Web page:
Wednesday, January 6, 2010

Recession and health spending growth

The new issue of the journal health affairs has a paper documenting national spending on health care in 2008; the headline is that health spending grew slower in 2008 than it has in many years, due to the recession. They note the health care spending grew by 4.4% in 2008, to $2.3 Trillion ($7,681/capita). In spite of the slowing of the growth rate, the percentage of the GDP spent on health rose from 15.9% to 16.2% because health care still grew faster than other parts of the economy.

General inflation during 2008 was only 0.1% according to the Bureau of Labor Statistics, although 2008 saw an anomaly in which two methods of calculating inflation that are typically similar were very dissimilar during 2008 (other method would say 3.8%).

There are several interesting parts of this paper in addition to the overall finding/report. First, they have historical data showing that recessions have typically slowed the rate of health care inflation (Jan-July '80 recession, the double dip July '81-Nov. '82, July '90-March '93; March 01-Nov.'01 and this recession Dec. 07-? [Exhibit 3 in the paper]. Second, exhibit 3 also shows the price (amount paid for things) versus non-price drivers of health care inflation (population factors, intensity of treatment, etc.). Prices have consistently risen faster than non-price factors the past 30 years in health care, and that was true in 2008. Finally, federal spending rose faster than in the past due to more people being eligible for Medicaid due to the recession, the fact that the American Recovery and Reinvestment Act increased federal share of Medicaid, and there was an acceleration of costs in Medicare Advantage due to the MMA 2005 funding changes to the program (essentially, purposefully over-paying them to encourage people into private plans).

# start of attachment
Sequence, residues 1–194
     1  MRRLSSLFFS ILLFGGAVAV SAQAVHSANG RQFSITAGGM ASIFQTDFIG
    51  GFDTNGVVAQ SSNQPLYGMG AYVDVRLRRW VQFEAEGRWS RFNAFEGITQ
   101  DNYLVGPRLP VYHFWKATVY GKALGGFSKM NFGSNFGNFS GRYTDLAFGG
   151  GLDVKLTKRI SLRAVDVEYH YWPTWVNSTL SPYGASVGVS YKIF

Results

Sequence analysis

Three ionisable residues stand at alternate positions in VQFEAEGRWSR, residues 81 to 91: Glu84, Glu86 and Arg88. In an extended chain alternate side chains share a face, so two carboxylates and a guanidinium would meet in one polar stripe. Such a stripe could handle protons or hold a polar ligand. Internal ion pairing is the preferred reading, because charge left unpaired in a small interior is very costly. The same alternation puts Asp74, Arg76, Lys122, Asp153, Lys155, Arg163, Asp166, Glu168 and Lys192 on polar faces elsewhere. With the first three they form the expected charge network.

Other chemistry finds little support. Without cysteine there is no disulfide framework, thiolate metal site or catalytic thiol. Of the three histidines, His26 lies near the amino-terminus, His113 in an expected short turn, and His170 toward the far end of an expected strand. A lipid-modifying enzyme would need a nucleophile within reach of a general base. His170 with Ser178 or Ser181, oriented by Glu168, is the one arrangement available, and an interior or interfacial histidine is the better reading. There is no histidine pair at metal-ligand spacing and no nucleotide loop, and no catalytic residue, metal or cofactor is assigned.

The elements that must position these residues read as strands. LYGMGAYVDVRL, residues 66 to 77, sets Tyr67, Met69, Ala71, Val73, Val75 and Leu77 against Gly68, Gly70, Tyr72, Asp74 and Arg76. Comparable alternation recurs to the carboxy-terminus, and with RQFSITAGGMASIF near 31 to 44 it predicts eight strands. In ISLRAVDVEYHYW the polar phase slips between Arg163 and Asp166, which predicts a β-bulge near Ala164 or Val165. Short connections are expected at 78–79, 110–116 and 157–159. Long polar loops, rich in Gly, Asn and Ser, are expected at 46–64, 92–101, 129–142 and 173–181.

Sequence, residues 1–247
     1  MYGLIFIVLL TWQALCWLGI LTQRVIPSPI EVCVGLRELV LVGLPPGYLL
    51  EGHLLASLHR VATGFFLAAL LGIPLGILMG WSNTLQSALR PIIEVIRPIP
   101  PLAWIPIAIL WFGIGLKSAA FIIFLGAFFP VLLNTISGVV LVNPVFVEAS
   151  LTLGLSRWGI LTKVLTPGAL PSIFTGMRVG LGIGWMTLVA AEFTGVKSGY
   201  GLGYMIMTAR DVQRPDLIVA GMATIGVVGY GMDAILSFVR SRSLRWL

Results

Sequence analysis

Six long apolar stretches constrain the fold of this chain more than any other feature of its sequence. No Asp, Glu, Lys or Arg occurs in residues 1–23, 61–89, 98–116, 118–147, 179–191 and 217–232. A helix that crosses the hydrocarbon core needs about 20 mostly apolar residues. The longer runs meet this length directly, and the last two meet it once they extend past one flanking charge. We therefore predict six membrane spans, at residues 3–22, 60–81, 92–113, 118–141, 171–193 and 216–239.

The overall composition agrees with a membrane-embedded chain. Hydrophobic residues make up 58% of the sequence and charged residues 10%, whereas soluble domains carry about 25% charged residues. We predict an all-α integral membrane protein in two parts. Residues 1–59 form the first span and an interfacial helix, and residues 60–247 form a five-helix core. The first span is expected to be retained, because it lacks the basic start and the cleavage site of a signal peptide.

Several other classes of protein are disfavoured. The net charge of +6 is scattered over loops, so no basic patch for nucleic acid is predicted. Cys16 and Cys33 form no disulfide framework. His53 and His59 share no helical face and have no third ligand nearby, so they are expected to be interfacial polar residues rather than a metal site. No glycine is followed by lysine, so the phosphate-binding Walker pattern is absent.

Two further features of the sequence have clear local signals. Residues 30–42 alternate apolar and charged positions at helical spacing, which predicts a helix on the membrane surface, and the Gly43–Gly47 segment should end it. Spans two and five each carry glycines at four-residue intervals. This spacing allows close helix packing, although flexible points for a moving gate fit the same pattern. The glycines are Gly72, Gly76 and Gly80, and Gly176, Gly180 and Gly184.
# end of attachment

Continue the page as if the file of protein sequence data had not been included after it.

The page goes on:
In total, the federal government accounted for 35% of total national health spending in 2008, up from 34% the year before. When coupled with state Medicaid spending, government pays for about 1 out of every 2 health care dollars today.

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